While steaming through driving rain off New Ireland and west of Buka Island, Okinoshima, which had been damaged by planes from Yorktown during the invasion of Tulagi on 4 May 1942, was torpedoed at 0452 by the United States Navy submarine USS S-42 (Commander Oliver G. Kirk) and severely damaged. [2][3] The invasion force's escorts closed S-42 and depth charged the area until 1130, causing damage. The submarine left the area to return to base at Moreton Bay, Brisbane. Rear Admiral Shima transferred his flag to Yuzuki southwest of Buka Island, Bougainville. At 0640, Okinoshima capsized under tow by Mochizuki in St. George's Channel at 05°06′S 153°48′E / 5.1°S 153.8°E / -5.1; 153.8.

While returning to Rabaul after being dispatched to assist repair work on Okinoshima, the repair ship Cape St George, New Ireland, by USS S-44.[4] She sank at 1440 at 04°51′S 152°54′E / 4.85°S 152.9°E / -4.85; 152.9.

In spite of the loss of Okinoshima, the rest of the Japanese forces continued with the operation. As these forces were en route, however, a Japanese reconnaissance aircraft from Tulagi sighted the United States Navy aircraft carriers Enterprise and Hornet heading towards Nauru. The two US carriers, acting on intelligence taken from intercepted Japanese communications, had been sent to the area as a feint to try to stop the Japanese operation.

The feint was successful. Fearing the threat posed by the US carriers to the RY forces, which did not have air cover, the Japanese cancelled the operation on 15 May and the naval forces returned to Rabaul.

Second Invasion Attempt

A second invasion force departed Truk on 26 August 1942, consisting of the cruiser Yubari, the destroyers Oite, Yuzuki, Ariake, Yugure and Yunagi and the transport Hakozaki Maru.

The landing forces landed on Nauru on 29 August and Ocean Island on 30 August unopposed.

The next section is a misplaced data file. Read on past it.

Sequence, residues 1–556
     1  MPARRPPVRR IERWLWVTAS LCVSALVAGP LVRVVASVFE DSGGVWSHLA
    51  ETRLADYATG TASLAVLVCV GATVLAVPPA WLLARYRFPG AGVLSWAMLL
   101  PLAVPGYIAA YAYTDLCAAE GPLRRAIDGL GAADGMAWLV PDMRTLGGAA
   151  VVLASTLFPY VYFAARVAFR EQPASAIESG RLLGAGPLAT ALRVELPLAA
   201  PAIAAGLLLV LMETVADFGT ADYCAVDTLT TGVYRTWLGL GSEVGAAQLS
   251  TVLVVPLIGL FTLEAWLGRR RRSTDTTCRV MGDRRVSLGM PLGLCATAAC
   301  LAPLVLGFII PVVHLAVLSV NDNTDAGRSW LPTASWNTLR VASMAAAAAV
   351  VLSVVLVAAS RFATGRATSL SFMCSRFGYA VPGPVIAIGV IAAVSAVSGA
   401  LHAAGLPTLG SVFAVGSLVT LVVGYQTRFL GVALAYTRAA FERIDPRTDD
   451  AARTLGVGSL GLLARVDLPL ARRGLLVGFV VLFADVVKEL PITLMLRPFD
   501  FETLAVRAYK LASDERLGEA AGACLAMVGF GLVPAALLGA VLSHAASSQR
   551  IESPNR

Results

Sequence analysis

Base Development

Japanese forces occupied the two islands until the end of the war, but became increasingly isolated as the war progressed.

Allied Attacks


  1. ^ Bullard, p. 57.
  2. ^ "Battle of the Coral Sea". Naval History & Heritage. US Navy. http://www.history.navy.mil/history/CoralSea.htm. Retrieved 6 June 2011. 
  3. ^ "USN Ships USS S-42 (SS-153)". NAVAL HISTORICAL CENTER. US Navy. http://www.history.navy.mil/photos/sh-usn/usnsh-s/ss153.htm. Retrieved 6 June 2011. 
  4. ^ "USN Ships USS S-44 (SS-155)". NAVAL HISTORICAL CENTER. US Navy. http://www.history.navy.mil/photos/sh-usn/usnsh-s/ss155.htm. Retrieved 6 June 2011. 


  • Brown, David (1990). Warship Losses of World War Two. Naval Institute Press. ISBN 1-55750-914-X. 
  • Lundstrom, John B. (2006). Black Shoe Carrier Admiral: Frank Jack Fletcher at Coral Sea, Midway, and Guadalcanal. Annapolis, Maryland: Naval Institute Press. ISBN 1-59114-475-2. 
  • Lundstrom, John B. (2005 (New edition)). The First Team: Pacific Naval Air Combat from Pearl Harbor to Midway. Annapolis, Maryland, U.S.A.: Naval Institute Press. ISBN 159114471X. 
  • Willmott, H. P. (2002). The War with Japan: The Period of Balance, May 1942 – October 1943. Wilmington, Delaware: Scholarly Resources Inc.. ISBN 0-8420-5032-9.